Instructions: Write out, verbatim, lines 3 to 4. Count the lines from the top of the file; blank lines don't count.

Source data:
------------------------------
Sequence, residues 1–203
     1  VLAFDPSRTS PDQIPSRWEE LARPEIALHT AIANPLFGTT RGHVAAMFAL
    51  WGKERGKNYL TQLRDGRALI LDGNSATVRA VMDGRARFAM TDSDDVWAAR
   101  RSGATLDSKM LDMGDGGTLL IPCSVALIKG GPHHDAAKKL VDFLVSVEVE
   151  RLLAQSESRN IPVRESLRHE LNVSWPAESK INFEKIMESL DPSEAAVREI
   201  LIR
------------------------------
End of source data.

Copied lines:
    51  WGKERGKNYL TQLRDGRALI LDGNSATVRA VMDGRARFAM TDSDDVWAAR
   101  RSGATLDSKM LDMGDGGTLL IPCSVALIKG GPHHDAAKKL VDFLVSVEVE